Tour de France 2013: Mark Cavendish wins stage five

Tour de France

  • Dates: Saturday, 29 June - Sunday, 21 July (8 and 15 July are rest days)

Coverage: Live commentary on the final hours of each stage on BBC Radio 5 live sports extra or online; live text commentary on BBC Sport website

Mark Cavendish defied a bout of bronchitis to claim a convincing win in a sprint finish at the end of stage five of the Tour de France.

The Manxman was led out perfectly by team-mate Gert Steegmans and surged clear of Norway's Edvald Boasson Hagen and Slovakian Peter Sagan.

It was Cavendish's first stage win of this year's Tour and his 24th in total.

A large pile-up in the final kilometre split the peloton but Simon Gerrans retained the leader's yellow jersey.

American rider Teejay van Garderen and Belgium's Jurgen van den Broeck, who was fourth in last year's race, were among those to go down in the crash.

Most Tour de France stage wins

34 - Eddy Merckx (Bel) 1969 to 1975

28 - Bernard Hinaut (Fra) 1978 to 1986

25 - Andre Leducq (Fra) 1927 to 1935

24 - Mark Cavendish (GB) 2008 to present

Britain's Chris Froome stayed out of trouble and remains seventh overall, three seconds back, after finishing with the same time as Spain's Alberto Contador and Australia's Cadel Evans, who are seen as his major rivals for the general classification.

But the day belonged to Cavendish, who had endured a frustrating time in the opening days of the Tour as well as suffering from illness.

The 28-year-old was denied a chance of victory - and taking the yellow jersey - after being held up in a crash at the end of stage one, and missed out on the podium on Tuesday when his Omega Pharma-QuickStep team were denied victory by 0.75 seconds in the team time trial.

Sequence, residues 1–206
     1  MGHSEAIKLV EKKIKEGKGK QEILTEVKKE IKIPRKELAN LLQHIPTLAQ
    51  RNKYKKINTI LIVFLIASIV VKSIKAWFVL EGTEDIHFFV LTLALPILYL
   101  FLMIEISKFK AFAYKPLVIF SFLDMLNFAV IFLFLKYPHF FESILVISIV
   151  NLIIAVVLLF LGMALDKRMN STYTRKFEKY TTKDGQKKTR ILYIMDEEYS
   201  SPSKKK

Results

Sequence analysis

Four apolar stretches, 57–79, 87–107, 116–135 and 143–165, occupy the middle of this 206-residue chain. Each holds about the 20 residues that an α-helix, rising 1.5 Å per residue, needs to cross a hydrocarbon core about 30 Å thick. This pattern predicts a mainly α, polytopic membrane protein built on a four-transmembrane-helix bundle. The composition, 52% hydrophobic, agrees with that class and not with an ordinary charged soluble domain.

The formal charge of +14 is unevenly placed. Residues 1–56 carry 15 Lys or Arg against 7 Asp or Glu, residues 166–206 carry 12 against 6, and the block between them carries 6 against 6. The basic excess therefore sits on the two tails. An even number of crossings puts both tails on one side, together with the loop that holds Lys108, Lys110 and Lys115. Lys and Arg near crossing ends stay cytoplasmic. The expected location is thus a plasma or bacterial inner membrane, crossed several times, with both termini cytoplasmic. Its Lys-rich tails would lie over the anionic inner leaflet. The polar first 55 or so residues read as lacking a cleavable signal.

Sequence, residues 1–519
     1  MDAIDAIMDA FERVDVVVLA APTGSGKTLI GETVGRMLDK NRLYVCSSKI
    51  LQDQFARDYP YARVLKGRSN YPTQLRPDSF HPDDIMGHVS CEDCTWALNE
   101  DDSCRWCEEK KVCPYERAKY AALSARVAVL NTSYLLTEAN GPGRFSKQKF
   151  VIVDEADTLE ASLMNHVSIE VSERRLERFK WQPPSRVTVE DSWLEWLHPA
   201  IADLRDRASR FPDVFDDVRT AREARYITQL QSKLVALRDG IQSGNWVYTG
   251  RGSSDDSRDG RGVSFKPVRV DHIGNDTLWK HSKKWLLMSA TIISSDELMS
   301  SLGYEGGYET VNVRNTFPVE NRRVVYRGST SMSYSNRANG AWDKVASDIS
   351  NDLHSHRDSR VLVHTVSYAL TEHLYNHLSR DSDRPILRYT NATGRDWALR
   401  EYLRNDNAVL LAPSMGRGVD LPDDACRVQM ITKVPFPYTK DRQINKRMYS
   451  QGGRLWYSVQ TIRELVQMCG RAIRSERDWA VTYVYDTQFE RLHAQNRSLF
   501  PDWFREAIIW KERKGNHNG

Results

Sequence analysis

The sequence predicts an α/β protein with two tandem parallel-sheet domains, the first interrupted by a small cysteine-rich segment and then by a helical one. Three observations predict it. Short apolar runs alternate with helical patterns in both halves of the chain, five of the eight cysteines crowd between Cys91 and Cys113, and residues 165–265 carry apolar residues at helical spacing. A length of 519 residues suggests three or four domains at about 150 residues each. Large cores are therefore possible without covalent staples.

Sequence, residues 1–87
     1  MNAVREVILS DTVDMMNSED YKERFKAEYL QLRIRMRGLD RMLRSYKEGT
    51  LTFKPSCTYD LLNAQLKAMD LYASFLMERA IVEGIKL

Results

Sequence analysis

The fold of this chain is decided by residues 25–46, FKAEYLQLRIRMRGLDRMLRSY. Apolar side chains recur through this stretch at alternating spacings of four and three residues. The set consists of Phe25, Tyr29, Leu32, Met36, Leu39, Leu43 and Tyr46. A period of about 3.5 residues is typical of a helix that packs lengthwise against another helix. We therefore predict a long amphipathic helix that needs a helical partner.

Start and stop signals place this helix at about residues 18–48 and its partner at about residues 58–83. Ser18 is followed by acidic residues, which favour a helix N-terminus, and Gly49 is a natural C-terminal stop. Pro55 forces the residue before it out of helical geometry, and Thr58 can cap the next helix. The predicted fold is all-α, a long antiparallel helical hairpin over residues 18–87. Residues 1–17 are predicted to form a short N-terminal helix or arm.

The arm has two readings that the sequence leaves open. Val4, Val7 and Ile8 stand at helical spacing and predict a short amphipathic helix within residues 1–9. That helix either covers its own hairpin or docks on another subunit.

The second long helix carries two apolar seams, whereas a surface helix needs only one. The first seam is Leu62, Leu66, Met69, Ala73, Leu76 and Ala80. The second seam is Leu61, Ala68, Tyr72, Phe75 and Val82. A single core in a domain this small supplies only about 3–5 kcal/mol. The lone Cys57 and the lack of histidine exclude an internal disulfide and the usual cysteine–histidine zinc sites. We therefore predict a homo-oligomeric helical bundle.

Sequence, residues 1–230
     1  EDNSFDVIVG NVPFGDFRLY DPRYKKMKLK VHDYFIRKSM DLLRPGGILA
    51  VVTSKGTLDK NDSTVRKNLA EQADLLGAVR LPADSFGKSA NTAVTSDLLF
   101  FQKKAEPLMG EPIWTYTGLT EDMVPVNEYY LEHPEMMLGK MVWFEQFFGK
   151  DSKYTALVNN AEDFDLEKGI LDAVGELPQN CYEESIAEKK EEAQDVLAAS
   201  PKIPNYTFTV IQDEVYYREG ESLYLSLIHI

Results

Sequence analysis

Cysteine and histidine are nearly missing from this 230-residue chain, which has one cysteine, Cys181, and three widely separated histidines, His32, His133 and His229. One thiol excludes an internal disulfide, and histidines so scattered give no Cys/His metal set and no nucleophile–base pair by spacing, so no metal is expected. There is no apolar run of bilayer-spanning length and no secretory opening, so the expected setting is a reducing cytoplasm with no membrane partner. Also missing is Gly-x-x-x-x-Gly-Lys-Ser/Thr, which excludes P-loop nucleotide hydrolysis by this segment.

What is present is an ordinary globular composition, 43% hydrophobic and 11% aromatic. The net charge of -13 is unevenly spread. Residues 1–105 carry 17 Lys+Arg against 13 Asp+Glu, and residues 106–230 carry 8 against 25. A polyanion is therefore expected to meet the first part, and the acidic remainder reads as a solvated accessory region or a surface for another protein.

This time, however, there was no stopping Cavendish - despite rumours circulating during the stage that he was still on antibiotics and would not be contesting the final sprint.

An early breakaway of six riders escaped after 3km of the 228.5km stage from Cagnes-Sur-Mer to Marseille but the last survivor, Kazakhstan's Alexey Lutsenko was caught with 3km to go.

Analysis

"This stage was always going to come down to a sprint finish. It appeared there was a chance that the breakaway riders could stay clear but their lead came down very quickly before the end.

"That left us with a sprint and Mark Cavendish won very convincingly in the end. We were unsure how he would do because he has been under the weather but his team worked well for him and he made it look pretty easy.

"Now we know he is in good shape and he will be going for another win on Thursday. He might even get a chance on Friday, depending on how he is feeling before the race enters the Pyrenees.

"For me, Mark Cavendish has to not think about winning the points category. His main objective is to win stages and if he does that, the green jersey will take care of itself.

"He has got a very difficult job to beat Peter Sagan anyway because Sagan will pick up points where Cavendish will not figure."

That set up the first bunch finish featuring the fastest men on this Tour, and it did not disappoint.

Cavendish stuck to Steegman's wheel before making his move with 250m to go and, although Boasson Hagen held off Andre Greipel to follow in his slipstream, neither he or the fast-finishing Sagan came close to denying him.